I knew I had to be at the restaurant quite late, so I went out with some friends and planned on returning closer to midnight. As I was leaving to go meet up with my friends, I said to D the dishwasher that "yo voy a volver en dos horas". D, who doesn't speak a word of English, asked me if I could bring him back two beers for him and his friends later. I don't think he understood that I was going to a bar and that I can't really bring drinks back with me, but I didn't want to disappoint him, so I agreed. On my way back I stopped in a Duane Reade and bought a six pack of Corona. D and I were going to drink beer together.

And we did.

I came back with the six pack, and after struggling to open the front door, found D cleaning in the kitchen. I told him I bought some beers and asked him if he wanted a few now? His face lit up and we went back to the dining area.

D and I parked ourselves at a table and got to chatting. Maybe it was the beer, or maybe it was the fact that I was there so late when nobody is usually there, but he shared a lot of interesting stuff with me that I never would have known before. I am going to record it here, because it is a story that with some minor variations holds true for most of "los primos".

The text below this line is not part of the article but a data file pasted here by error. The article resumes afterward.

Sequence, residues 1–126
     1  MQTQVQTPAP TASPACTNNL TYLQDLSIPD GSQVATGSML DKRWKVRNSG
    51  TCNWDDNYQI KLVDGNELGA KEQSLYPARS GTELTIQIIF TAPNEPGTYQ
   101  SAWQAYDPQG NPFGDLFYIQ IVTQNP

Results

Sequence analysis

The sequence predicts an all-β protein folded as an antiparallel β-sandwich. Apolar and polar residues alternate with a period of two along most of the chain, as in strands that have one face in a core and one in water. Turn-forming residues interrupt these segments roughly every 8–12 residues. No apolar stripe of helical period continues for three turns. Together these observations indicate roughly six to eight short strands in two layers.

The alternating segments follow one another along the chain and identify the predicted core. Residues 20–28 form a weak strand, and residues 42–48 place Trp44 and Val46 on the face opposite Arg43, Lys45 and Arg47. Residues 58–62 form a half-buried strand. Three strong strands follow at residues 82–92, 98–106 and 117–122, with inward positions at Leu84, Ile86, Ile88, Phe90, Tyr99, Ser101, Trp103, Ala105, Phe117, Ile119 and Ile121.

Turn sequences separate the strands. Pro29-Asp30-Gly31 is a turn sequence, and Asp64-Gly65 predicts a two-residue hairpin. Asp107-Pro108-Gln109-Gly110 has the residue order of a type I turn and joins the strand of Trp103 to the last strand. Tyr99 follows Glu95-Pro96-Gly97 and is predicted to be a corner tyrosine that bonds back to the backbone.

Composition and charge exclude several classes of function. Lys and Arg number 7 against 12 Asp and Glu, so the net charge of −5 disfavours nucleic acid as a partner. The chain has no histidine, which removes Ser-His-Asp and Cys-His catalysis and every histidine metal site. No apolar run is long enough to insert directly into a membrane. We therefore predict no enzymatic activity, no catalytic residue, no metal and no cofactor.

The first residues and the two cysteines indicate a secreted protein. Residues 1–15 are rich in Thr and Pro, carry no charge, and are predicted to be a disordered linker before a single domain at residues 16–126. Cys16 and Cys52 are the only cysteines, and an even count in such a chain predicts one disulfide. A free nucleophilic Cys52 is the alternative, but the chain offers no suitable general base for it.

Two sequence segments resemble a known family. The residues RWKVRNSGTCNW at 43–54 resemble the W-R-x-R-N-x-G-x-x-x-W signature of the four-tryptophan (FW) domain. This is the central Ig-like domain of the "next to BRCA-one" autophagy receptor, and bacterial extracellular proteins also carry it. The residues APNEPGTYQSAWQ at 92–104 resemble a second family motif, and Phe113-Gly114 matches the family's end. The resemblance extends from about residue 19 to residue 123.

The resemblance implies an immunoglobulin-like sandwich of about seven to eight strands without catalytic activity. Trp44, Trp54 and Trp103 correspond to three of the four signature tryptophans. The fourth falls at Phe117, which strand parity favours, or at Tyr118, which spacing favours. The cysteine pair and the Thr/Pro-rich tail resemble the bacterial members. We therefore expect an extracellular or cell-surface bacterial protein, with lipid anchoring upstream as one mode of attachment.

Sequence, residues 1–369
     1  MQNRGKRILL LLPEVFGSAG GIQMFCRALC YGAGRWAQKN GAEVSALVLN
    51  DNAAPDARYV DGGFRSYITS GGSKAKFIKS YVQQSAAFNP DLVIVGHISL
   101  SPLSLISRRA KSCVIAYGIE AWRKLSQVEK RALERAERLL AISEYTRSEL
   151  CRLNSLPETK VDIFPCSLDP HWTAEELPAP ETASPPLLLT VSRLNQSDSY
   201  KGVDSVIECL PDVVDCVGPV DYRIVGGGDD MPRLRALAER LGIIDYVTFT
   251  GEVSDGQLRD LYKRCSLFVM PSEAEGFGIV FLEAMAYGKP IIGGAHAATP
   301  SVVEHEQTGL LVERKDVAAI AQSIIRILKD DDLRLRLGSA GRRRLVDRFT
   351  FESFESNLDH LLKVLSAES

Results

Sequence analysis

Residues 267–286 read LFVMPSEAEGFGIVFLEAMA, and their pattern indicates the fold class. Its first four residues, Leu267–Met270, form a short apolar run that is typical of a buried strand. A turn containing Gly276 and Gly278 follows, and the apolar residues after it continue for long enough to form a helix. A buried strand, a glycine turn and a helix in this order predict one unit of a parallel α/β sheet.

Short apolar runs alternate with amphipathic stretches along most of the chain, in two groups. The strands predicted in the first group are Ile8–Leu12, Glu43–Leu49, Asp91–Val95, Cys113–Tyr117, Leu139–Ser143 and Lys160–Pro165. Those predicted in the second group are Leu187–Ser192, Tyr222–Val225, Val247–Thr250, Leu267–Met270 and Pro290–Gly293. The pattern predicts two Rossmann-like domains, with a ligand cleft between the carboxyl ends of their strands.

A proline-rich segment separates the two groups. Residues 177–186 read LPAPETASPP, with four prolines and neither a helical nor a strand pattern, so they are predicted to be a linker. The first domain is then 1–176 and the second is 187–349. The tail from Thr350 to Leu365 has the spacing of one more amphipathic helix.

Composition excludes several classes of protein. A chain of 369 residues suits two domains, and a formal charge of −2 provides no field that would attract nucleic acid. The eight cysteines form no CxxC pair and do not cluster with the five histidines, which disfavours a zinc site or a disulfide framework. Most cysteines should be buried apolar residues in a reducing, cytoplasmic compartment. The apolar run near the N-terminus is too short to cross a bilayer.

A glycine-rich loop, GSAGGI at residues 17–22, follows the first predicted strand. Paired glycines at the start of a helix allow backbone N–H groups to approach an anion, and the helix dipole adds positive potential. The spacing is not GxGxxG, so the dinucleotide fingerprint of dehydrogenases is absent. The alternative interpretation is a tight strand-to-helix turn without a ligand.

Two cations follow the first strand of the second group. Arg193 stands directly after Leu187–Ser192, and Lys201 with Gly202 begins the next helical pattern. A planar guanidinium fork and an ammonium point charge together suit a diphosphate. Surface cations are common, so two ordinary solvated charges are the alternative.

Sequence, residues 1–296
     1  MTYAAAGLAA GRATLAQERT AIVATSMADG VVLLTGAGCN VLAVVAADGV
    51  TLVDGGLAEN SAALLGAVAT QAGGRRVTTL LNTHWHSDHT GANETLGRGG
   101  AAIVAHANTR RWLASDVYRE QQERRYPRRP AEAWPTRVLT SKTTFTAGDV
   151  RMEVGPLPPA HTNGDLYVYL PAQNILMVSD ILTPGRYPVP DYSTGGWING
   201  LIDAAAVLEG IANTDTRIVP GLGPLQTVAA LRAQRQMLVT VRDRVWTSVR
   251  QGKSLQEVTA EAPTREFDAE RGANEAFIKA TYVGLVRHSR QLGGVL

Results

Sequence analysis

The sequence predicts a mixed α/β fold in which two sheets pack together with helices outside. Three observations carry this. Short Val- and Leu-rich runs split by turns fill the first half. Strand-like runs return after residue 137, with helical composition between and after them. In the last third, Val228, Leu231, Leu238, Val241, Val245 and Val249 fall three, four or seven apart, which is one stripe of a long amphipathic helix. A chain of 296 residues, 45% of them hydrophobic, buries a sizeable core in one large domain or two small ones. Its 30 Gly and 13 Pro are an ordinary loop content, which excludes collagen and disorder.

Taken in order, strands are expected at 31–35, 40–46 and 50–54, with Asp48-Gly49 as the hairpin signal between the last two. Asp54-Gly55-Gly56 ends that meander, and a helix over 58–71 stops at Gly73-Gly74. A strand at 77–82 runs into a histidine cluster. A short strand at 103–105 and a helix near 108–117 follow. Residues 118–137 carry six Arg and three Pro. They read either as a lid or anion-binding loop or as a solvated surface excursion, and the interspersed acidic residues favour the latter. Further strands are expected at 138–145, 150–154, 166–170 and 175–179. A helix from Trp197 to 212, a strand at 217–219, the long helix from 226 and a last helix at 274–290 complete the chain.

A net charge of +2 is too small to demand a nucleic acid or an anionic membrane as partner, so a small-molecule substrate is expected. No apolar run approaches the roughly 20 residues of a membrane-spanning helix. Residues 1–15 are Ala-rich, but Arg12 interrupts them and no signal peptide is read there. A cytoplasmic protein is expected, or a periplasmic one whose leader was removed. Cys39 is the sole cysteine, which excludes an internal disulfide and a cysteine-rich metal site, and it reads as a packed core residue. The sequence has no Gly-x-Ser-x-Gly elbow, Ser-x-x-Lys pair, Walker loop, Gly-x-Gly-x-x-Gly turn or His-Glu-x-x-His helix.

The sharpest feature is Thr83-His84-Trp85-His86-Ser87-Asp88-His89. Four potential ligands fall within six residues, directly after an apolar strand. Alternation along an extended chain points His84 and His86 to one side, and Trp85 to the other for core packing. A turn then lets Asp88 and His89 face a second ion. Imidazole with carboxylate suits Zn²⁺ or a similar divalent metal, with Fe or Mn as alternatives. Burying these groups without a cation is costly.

D has been with us for a little under a year. He is of average height, quite tubby, clean shaven, and speaks Spanish very clearly and without much use of slang. He is a big fan of asking "como estamos?" which directly translates to "how are we?", which is a kind of funny and informal way of putting it. None of the other guys use the phrase.

D is from Puebla, a mostly poverty-stricken state just east of Mexico City. Prior to coming to the US, he worked "in the fields", as he put it. Picking and cutting vegetables in the scorching sun, doing back-breaking labor for little pay. He had dropped out of high school after one year, much to the disapproval of his father, who is a first grade teacher. D dropped out with his then girlfriend, now wife. They simply didn't enjoy it. Looking back now, D shakes his head at the memory of dropping out. It looks like he regrets it, but he consoles himself by saying that he was just a kid and didn't know any better.

After dropping out, he continued to work full time and soon enough he and his wife had a very pretty daughter who is 8 now, and lives with her grandparents, spending the week with one set and the weekend with the other. She lives with her grandparents now because when she was 6 years old, for reasons he didn't quite share, D and his wife decided to go to the US.